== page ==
Arturo O’Farrill’s ‘Fandango’ Spans Border To Unify Cultures, Musics


Bandleader and pianist Arturo O’Farrill’s latest recording, Fandango At The Wall (Resilience Music Alliance), documents his participation in the 11th Fandango Fronterizo, an annual event that gathers musicians on both sides of the border wall between Tijuana, Mexico, and San Diego for a jam session that builds upon—very importantly—the son jarocho, a venerable 500-year-old Afro-Mexican musical tradition.

Born in colonial Mexico amid the forced collision of indigenous African and Spanish cultures, son jarocho always has been a rebellious music. Denounced by the Spanish Inquisition during the 18th century, its ballads later became a fundamental part of the Mexican Revolution’s song book. Fast-forward a few hundred years, and son jarocho crossed the border and was planted throughout the United States—“La Bamba,” the most popular exemplar of the genre, became familiar to U.S. listeners through versions of the song by California’s Ritchie Valens in the ’50s and Los Lobos in the ’90s. Today, son jarocho music frequently accompanies political protests everywhere from Oaxaca to Wisconsin.

O’Farrill’s renowned Afro Latin Jazz Orchestra along with son jarocho musicians organized by Fandango Fronterizo founder Jorge Castillo, as well as other musicians selected by O’Farrill, came together at the border for the 11th installment of the event in June 2018. The eclectic ensemble of 60 musicians from Mexico and the U.S. also included several from so-called “Muslim-ban” countries. Among the participants were jazz superstars like violinist Regina Carter; cellist Akua Dixon; drummer Antonio Sanchez; Mexican violin trio The Villalobos Brothers; son jarocho greats Patricio Hidalgo, Ramón Gutiérrez Hernández and Tacho Utréra; French-Chilean rapper-singer Ana Tijoux; Iraqi-American oud master Rahim AlHaj and his trio; Iranian sitar virtuoso Sahba Motallebi; and Gabriel García, of the Los Angeles band Changui Majadero, a young musician whose own father tried to cross the border twice before succeeding on the third attempt.

The ambitious Fandango At The Wall project includes two CDs of music and a book on historical and troubled U.S.-Mexico relations. There’s also a documentary focusing on the lives of the son jarocho musicians in the works.

O’Farrill shared his vision for the project, terming it “profoundly moving, deeply complex and probably the greatest project” in which he has been involved.

The following has been edited for length and clarity.

What was your vision for the Fandango At The Wall project?

I wanted to break the walls between geopolitical borders, and cultural high and low walls. I also wanted to wreak havoc on the idea that there’s a wall between highly digitized pristine recordings, field recordings and live recording. And so, it was really important to me to be able to have all three mediums at my disposal for the record.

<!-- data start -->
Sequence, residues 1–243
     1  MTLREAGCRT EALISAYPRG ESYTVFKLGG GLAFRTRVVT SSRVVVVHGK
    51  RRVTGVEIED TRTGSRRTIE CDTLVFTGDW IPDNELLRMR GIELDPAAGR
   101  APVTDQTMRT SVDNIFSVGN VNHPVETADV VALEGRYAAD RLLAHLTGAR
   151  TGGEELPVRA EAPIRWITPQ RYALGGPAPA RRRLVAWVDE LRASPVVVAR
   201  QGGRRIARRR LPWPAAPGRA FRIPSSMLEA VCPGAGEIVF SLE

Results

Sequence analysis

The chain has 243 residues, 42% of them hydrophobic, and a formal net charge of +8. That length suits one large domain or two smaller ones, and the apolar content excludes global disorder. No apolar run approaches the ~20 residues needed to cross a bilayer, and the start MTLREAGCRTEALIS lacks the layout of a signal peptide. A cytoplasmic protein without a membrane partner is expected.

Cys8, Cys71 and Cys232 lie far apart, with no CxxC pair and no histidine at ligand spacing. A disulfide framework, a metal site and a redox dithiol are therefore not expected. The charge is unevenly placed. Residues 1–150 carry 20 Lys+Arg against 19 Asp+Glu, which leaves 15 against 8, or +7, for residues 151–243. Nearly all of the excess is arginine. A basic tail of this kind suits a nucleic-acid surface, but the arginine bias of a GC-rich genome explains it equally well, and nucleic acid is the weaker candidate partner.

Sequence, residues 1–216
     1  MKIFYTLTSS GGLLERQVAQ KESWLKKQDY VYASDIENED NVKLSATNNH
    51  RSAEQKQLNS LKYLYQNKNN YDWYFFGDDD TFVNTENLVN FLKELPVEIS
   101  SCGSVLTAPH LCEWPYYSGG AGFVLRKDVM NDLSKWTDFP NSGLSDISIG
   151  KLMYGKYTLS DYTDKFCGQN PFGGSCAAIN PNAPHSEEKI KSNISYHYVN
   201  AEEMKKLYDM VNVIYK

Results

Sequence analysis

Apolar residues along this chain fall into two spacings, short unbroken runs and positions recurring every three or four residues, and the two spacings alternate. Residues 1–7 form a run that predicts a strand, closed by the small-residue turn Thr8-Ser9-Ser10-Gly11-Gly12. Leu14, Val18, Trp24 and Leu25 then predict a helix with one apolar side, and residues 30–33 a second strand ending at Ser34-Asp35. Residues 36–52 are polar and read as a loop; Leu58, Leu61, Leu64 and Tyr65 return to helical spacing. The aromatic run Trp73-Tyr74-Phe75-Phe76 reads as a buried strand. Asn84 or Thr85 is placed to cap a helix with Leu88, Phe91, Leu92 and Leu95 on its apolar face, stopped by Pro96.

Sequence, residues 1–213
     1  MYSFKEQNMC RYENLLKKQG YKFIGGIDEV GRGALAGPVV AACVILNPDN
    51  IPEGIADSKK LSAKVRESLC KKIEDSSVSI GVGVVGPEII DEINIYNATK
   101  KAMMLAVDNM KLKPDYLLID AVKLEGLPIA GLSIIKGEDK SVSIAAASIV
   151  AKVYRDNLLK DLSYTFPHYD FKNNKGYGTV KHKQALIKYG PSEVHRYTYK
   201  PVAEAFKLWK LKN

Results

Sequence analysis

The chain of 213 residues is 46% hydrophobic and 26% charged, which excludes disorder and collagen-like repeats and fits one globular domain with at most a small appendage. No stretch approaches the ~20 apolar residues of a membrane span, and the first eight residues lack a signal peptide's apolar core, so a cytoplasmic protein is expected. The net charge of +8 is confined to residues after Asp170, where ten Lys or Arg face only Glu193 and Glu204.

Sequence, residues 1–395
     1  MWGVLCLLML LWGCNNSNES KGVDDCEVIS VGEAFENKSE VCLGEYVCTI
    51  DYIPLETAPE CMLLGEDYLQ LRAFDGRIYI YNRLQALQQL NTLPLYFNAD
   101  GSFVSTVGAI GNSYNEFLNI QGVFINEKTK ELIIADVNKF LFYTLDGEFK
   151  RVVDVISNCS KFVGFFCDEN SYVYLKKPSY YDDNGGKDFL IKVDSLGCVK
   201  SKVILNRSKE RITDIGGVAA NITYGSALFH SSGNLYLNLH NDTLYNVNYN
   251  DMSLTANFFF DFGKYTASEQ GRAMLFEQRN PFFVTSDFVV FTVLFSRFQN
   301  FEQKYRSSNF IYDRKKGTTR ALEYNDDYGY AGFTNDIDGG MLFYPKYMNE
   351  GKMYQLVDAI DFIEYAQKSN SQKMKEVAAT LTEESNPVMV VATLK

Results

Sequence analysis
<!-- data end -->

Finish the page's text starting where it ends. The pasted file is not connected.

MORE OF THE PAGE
How did the recording come about?

We didn’t record much at the actual Fandango Fronterizo, but we had some ability to record on both sides of the border; it was very difficult though because the customs—the Border Patrol—was only allowing people in for 20-, 25-minute segments. So, there was no real quality control. But we recreated the whole entire Fandango at the cultural center in Tijuana.

Can you talk more about the idea of breaking down walls between genres?

A lot of jazz has taken great pride in these troubled times by nationalizing itself, by demanding that jazz is an American invention and an American classical art form. And that seems to me antithetical to the idea of jazz being a gift, a legacy from a cataclysm called the slave trade. And the greatest, most beautiful lesson in grace and humanity is the fact that—despite the very bloody history, the brutal and violent history of enslavement—we inherited this incredible musical gift that was not born in the U.S., that is part of Africa and then is filtered through the entire New World.

The idea that this somehow pertains to one nation—this music that we call jazz, Latin jazz, Afro-Cuban jazz, Afro-Latin jazz, Afro-Mexican jazz—that any of these labels really pertain to any nation, I really, really feel that that’s one cultural wall I want to destroy. I don’t want to destroy—I just want to blur the borders, so that people don’t feel they have to encamp. So, that people don’t feel they have to declare their allegiance in order to be free to move between different genres in jazz.

When we see the horrifying effect that [the Trump] administration has had on people who insist on nationalizing, insist on segments ... this is a terrible time in our nation’s history and more than ever we need artists who don’t need to affirm themselves by declaring that this is better than the other.

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